John Boyne deletes Twitter account after trans article backlash

Bestselling author reiterates support for trans community and blames ‘online trolls’

John Boyne has deleted his Twitter account after a backlash over his article in The Irish Times on Saturday.

Boyne, the author of The Boy in the Striped Pyjamas and The Heart’s Invisible Furies, among other books, says he was dismayed by the response to both the piece and his forthcoming young-adult novel, My Brother’s Name Is Jessica.

“As a long-term ally and supporter of trans people, and the author of a new novel that seeks to help young people embrace both their own identities and the identities of their friends, I’ve been appalled by the response of people on social media towards both my Irish Times article and a book that not a single one of them has even read, since it’s not published until Thursday.”

The breaking point was when I received one tweet simply saying 'F**k John Boyne' and another, using a fake name, telling me to 'Be careful when I'm out in public'

He says he decided to delete his social-media accounts after being abused and threatened. “I’ve been called vulgar names” and “mocked for my appearance, my looks, my weight, my sexuality, and even for the crime of being bald. Any responses I’ve made have been unfailingly courteous. The breaking point was Monday night, when, within a few minutes of each other, I received one tweet simply saying ‘F**k John Boyne’ and another, from a freshly set-up account, using a fake name, telling me to ‘Be careful when I’m out in public’.


“I’m simply not going to put up with this kind of nonsense from cowards who hide behind keyboards and feel they can scream abuse at people and that it has no consequences. I’m a person with my own feelings, my own sensitivities and my own difficulties in life. In six novels for young people, and 11 for adults, I have always tried to write with consideration and empathy, and I will continue to do so. But removing myself from the toxic atmosphere of social media seems right to me now.”

He adds: “For the record, I do not believe that the trans community bears any relationship to, or any responsibility for, the actions of online trolls. As a gay man, I stand 100 per cent behind all trans people. I respect them as brave pioneers, I applaud their determination to live authentic lives despite the abuse they also receive, and I will always do so.”

In his article for The Irish Times, Boyne wrote about the process of writing My Brother’s Name Is Jessica, which follows a 12-year-old boy as he learns to accept his trans sibling.

He also touched on the wider trans debate as it has played out on social media and wrote that he rejected the term “cis”, which refers to when a person’s gender identity matches the sex they were assigned at birth.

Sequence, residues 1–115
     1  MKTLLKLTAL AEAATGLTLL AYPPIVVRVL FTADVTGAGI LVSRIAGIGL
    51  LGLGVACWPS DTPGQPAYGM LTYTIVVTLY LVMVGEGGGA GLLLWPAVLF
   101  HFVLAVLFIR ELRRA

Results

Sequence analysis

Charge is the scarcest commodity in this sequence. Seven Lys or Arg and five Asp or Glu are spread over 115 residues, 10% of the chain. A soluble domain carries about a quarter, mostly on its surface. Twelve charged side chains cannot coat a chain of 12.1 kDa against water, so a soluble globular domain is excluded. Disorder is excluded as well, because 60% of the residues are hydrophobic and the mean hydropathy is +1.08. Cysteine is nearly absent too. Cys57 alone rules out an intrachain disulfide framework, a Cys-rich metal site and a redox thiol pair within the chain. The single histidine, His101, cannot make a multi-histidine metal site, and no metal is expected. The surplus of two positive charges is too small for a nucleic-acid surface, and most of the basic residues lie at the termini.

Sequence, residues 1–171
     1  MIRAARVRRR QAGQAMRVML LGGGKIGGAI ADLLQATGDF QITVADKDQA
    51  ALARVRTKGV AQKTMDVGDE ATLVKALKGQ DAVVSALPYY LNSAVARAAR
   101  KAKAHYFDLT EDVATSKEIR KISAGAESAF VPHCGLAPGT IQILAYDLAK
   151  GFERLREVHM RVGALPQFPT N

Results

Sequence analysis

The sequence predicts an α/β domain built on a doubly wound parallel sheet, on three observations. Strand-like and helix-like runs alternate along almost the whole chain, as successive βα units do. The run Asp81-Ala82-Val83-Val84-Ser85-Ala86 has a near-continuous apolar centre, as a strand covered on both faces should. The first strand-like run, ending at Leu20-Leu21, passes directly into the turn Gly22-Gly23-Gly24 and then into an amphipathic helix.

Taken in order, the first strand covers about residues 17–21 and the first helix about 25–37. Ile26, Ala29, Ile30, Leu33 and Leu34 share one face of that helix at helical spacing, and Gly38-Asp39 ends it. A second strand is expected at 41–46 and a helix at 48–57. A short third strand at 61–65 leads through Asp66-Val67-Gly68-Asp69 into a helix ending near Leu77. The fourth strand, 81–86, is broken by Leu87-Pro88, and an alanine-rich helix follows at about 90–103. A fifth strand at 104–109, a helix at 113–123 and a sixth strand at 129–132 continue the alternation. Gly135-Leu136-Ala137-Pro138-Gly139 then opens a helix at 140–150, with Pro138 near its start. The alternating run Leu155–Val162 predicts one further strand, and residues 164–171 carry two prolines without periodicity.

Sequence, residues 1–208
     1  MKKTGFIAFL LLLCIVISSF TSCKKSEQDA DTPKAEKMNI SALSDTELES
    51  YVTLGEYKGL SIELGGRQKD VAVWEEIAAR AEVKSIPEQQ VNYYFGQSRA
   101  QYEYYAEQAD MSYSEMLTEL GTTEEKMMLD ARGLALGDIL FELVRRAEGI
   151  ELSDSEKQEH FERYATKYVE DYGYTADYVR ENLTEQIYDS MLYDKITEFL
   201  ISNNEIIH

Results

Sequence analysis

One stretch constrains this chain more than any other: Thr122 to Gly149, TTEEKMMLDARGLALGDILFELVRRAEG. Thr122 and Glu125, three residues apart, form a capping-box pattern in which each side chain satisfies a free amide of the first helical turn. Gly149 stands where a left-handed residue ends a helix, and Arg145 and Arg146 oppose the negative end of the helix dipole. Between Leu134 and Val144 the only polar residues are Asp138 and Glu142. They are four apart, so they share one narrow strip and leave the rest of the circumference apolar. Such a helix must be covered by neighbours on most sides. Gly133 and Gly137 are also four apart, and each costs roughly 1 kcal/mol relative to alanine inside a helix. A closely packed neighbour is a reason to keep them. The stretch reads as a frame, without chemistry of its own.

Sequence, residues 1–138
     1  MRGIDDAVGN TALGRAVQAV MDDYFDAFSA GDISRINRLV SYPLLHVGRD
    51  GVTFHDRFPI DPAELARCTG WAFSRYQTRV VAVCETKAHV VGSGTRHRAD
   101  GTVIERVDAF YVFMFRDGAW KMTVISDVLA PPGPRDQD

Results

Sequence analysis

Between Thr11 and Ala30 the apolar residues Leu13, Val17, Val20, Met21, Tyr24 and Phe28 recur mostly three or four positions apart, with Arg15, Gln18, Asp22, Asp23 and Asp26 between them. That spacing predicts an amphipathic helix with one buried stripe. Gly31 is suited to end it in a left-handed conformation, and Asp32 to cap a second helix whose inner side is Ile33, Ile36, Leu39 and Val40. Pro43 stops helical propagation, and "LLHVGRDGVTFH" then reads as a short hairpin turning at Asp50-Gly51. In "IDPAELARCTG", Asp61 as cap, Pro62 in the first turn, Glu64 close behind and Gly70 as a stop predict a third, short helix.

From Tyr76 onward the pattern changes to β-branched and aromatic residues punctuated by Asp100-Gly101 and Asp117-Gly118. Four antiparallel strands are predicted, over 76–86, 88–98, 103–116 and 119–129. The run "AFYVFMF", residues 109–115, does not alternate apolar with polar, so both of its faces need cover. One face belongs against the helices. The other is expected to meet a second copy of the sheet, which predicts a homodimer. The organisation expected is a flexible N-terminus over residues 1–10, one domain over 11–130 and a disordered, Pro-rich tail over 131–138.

“I don’t consider myself a cis man; I consider myself a man,” he wrote. “For while I will happily employ any term that a person feels best defines them, whether that be transgender, nonbinary or gender fluid, to name but a few, I reject the notion that someone can force an unwanted term on to another.”

The 'just asking questions' brigade are just making difficult lives for an already marginalised minority that much more difficult

In response, Aoife Martin, a director of Transgender Equality Network Ireland, wrote that "cis" is merely a descriptor, like "straight" or "white". "Boyne, whether he likes it or not, is a cis man speaking from a position of cis privilege," she wrote.

Martin also criticised Boyne for “misgendering” in his original article and rebuked his assertion that “there is no safe place for people to debate” trans topics “without being branded an enemy”. “I am tired of my life and the lives of my community being put up for the debate: which bathrooms should we use? Which prisons should we be placed in? Which hospital wards? Which changing rooms? Should we be allowed to play sport?” she wrote.

“Each of these questions has the cumulative effect of pushing transgender people more and more towards the periphery of society. The ‘just asking questions’ brigade are just making difficult lives for an already marginalised minority that much more difficult.”

Boyne says he later shared Martin’s piece on Twitter. “I thought it was important that my followers read what she had written, just as they had read what I had written, and they could see her point of view.”

He adds that he will miss being able to share the work of fellow authors. “I always used social media to promote the work of other writers, particularly debut writers, and that positive use of a platform will now be lost to me.”